The difference? Accountability.
Accountability says, "These children are making me want to shove toothpicks under my own fingernails today but their very real and terrible behavior doesn't give me the right to wound them."
Accountability says, "I am overworked, underappreciated, and totally forgotten. But these facts don't hand me a ticket allowing me to take out my frustration on my children who are going to be children."
Accountability says, "I am responsible for me."
So what now? What do we do after the moments when we've yelled a little too loudly or we have disappointed or wounded the heart of our child? Here are some things that will help.
1. Take some time and grieve the loss of that moment. Hurt. Feel grief. Feel regret. But accept it for what it is-- a moment in time, and not her whole life. Feel remorse but refuse to let guilt set its camp up in your heart. You're a human who has been given the highest calling of raising other humans. That's reason to feel the gravity of it all, but is no excuse for letting yourself be sucked into the drain of shame.
2. Get down on her eye level and say, "I'm sorry that I______." Don't use an excuse. Own your part. "I should not have spoken to you like that. I am sorry I hurt you."
3. Ask her for forgiveness. In our house, we don't allow each other to say, "It's ok" when one of us asks for forgiveness. It's not ok if we wound each other, period. Forgiveness means to release the offender of the need to pay us back for what was taken. It doesn't mean sweeping it under the rug or writing off the behavior as acceptable. Remind her that being a mom doesn't remove the ability to make mistakes from you. Tell her that by forgiving you, it's like opening a brand new pad of paper to draw a brand new picture with brand new markers. She'll get it.
4. Receive her forgiveness. You need to receive it as much as she needs to give it. That moment is over. You won't get it back, so don't dwell there. Hold her, kiss her, squeeze her, and let her child-hearted mercy heal you.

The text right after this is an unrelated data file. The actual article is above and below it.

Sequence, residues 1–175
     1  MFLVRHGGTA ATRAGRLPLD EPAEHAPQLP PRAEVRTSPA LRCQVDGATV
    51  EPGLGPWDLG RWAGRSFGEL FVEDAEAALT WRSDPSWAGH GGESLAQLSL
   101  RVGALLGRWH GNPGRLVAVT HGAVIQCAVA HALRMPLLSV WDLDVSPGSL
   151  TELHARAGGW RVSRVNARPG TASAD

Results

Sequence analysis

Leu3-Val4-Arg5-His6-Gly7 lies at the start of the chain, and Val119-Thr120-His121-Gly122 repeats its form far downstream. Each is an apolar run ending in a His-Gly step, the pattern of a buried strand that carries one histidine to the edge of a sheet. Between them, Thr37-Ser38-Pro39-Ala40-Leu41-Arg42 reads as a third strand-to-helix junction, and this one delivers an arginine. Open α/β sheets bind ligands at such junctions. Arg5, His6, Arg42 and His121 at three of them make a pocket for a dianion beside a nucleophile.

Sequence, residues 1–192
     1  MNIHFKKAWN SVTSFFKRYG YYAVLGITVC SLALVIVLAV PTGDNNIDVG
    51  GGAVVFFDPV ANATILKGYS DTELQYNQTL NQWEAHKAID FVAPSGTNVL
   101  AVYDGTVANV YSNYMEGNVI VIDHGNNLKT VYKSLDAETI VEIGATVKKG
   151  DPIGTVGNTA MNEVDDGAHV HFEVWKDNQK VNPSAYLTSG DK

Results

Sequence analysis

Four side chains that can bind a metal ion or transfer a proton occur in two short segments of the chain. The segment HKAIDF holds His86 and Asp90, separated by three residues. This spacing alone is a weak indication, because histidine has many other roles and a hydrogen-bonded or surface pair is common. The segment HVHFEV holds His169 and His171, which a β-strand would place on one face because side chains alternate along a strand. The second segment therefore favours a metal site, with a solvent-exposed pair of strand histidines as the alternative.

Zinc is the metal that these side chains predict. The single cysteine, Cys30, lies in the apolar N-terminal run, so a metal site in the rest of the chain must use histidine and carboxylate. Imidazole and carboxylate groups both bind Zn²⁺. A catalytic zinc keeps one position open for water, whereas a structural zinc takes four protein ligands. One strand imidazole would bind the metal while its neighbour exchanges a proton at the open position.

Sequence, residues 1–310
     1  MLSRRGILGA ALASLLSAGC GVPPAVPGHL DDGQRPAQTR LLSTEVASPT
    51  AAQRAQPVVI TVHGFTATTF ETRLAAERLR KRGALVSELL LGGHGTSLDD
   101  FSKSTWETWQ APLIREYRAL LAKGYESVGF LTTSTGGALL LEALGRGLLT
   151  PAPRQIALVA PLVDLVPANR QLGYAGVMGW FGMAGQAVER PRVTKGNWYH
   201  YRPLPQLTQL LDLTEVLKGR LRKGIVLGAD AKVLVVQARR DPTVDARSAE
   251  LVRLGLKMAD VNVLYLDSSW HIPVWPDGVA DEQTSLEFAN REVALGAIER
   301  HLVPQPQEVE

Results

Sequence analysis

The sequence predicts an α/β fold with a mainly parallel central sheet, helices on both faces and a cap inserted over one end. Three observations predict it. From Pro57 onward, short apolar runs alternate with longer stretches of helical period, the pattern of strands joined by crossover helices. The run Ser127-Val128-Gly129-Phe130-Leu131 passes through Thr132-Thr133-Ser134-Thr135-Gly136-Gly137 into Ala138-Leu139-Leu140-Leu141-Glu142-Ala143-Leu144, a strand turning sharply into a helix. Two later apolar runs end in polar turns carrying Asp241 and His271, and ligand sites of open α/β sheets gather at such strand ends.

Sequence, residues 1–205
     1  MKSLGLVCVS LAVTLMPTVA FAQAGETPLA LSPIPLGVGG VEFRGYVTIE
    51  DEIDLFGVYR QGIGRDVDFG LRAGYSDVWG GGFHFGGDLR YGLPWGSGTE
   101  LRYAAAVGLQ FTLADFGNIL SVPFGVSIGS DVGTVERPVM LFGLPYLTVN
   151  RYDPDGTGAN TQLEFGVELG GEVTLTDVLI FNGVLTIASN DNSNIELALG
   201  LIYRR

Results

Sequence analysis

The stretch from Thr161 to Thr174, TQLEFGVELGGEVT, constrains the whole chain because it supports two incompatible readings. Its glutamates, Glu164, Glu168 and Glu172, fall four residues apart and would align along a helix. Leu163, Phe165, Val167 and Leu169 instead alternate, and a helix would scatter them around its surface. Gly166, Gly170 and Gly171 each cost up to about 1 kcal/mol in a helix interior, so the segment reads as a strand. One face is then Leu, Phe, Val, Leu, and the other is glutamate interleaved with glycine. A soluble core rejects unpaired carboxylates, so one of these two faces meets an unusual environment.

5. Choose repentance. The word repent means "to turn the other way." God isn't the least bit interested in modifying your behavior toward your children. He wants to change your heart. Worrying about your behavior all the time is exhausting. Walking with Jesus-spending time with Him so we can become more like Him- just automatically sends us in the direction of repentance. He doesn't walk in the direction of destruction or hurt unless it's to rescue us. Walk beside Him and He is sure to lead you in paths of wholeness and before you know it, your apologies will become fewer and farther between. Instead of making your prayer, "Lord, help me not to lose my temper on my children today," why not try, "Lord, make me just like You"?
I believe our children aren't shaped into beautiful adults by perfect parenting. I believe they become compassionate, forgiving, wise, and loving by parenting wins and by our failures. I also believe successful parenting is a conglomeration of wounds and graces and scars and mercies. Today, as you sip on your shortcomings, let God do what He does best-- gather together your ashes so He can grow a garden in them.
You will fail them. But He won't fail you.